Strong, lightweight and cheap prefabricated concrete panels for building construction could be on the horizon, and the key ingredient is a growing problem waste material: glass.
The recent Four Corners expose on the waste and recycling industry in Australia revealed literally mountains of waste glass being stockpiled in Victoria, thanks to falling resource prices that have made recycling uneconomic.
But a team from the University of Melbourne is onto a solution, finding that not only can waste glass replace dwindling sand resources in concrete (or other supplementary materials like fly ash and slag), the outcome is lightweight, stronger and cheaper than traditional concrete.
Project manager for the university’s recycled glass R&D project, Associate Professor Tuan Ngo, told The Fifth Estate that as the world ran out of sand, it was an obvious choice to target for replacement.
Beyond simply replacing sand with glass, the team has used chemical additives to make the resultant concrete lightweight and strong.
“Being lightweight is very important for prefab applications,” Dr Ngo said, including being easier to transport and work with.
There’s also a good cost basis.
“In terms of glass, it’s really cost-effective, as it is extremely cheap compared to sand,” he said.
He said the concrete could have applications in both commercial and residential settings.
Currently the project researchers are testing glass percentages from 10 per cent up to about 30 per cent, but there’s potential for greater percentages.
Researcher Dr Ali Kashani said the team was confident a high proportion of glass could be used, with the finest grades of ground glass delivering the greatest strength and durability.
“Our work has shown it has excellent sound, thermal insulation and fire-resistant characteristics,” he said.
“We are looking forward to working with the cement and concrete industries and building standard regulators to prove the viability of using these products in traditional concrete structures.”
Current codes present a hurdle
One hurdle is current standards and codes. Dr Ngo said while a certain percentage of concrete could contain replacement material, having large percentages would require an engineer to sign-off on it.
“But if you want to make it into an industry, we need amendments to concrete codes. We really want to get industry adoption.”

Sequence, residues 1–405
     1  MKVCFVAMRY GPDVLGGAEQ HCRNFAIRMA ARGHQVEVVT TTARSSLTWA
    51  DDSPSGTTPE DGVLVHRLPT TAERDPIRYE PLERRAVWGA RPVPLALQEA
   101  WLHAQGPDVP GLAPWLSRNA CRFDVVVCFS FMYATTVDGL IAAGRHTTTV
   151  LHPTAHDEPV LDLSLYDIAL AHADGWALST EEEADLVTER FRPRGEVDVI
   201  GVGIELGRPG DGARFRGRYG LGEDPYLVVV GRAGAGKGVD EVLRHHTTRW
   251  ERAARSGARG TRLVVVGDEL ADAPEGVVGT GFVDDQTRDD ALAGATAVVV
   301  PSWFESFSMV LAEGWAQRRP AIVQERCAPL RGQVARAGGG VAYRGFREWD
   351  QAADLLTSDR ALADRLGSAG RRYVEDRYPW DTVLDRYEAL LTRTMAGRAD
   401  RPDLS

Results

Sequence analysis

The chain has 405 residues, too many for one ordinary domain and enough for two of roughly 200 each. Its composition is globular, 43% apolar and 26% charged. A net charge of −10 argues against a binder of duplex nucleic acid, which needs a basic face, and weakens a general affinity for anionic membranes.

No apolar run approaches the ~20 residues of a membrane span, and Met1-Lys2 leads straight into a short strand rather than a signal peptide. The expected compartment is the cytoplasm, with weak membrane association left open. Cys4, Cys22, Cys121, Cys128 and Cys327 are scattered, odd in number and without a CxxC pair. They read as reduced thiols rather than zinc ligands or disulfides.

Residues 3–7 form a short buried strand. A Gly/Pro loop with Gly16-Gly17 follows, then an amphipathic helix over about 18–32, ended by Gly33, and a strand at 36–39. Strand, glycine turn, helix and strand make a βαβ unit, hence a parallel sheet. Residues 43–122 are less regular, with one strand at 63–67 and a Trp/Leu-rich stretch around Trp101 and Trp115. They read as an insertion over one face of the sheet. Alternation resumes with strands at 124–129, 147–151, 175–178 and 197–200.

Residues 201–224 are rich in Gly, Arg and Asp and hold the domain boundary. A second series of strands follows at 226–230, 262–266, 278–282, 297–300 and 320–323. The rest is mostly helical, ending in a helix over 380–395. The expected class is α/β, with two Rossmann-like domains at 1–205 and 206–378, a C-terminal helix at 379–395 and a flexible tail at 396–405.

PrefabAus founding director and chair Damien Crough said upgrading building standards to allow more glass in concrete would “open doors”.
“This is where the real opportunities lie,” he said.
“Existing concrete supplementary materials like fly ash and slag are becoming harder to get and more expensive. The cost of glass will be an attractive factor for industry as it is readily available and inexpensive, being about a third of the cost of fine sand, or less.”
The project is being jointly funded by Sustainability Victoria and the Australian Packaging Covenant.
Sustainability Victoria acting chief executive Carl Muller said the organisation was funding a range of projects to find applications for waste streams. For example, another interesting project it is funding is at Victoria University, which is attempting to create structural beams made out of recycled plastics and waste glass for use under decking.
“This work can create jobs and, most importantly, ensure the community has confidence that recovered materials have a future use,” Mr Muller said.
The news also follows the release of a Beyond Zero Emissions roadmap on getting to a zero carbon cement industry in 10 years.
It also found that waste glass could be used as one of the raw materials for geopolymer cement, or even replace part of the need for sodium silicate activator.
“Australia produces about one million tonnes of glass waste every year, only about half of which is recycled back into glass,” the report said.
“The remaining half million tonnes is either used for low grade products such as road aggregate, or dumped in landfills. In Victoria alone there are stockpiles of 300,000 tonnes of waste glass. This waste glass is a problem as it is hard to recycle, and when reused it is largely driven by a need to find a way of disposing of waste glass rather than demand.”
Tyres also being investigated
Another research project Dr Ngo is working on, using separate grant funding from Tyre Stewardship Australia, is creating a lightweight, ductile concrete from recycled tyres.
Including recycled tyre crumb in concrete created a lightweight product but, importantly, created a product that had high levels of thermal and acoustic insulation.
Having good acoustics was particularly important, Dr Ngo said, as lightweight products, such as cross-laminated timber, tended to have poorer acoustic properties.
However, this project found that adding recycled tyres could reduce weight while actually increasing acoustic insulation. Possible uses could be in residential buildings, intertenancy walls, auditoriums, offices, plant rooms and hospitals.
Dr Ngo is hopeful that Australia can make an export industry based upon high-performance construction products including recycled materials.
“The next generation of prefabricated structures can benefit from Australia’s eco-friendly, prefabricated housing research which is striving to deliver breakthrough products to enable our housing industry to compete on a global stage,” Dr Ngo said.
“The opportunities for a wide range of projects, and the environment, is enormous.”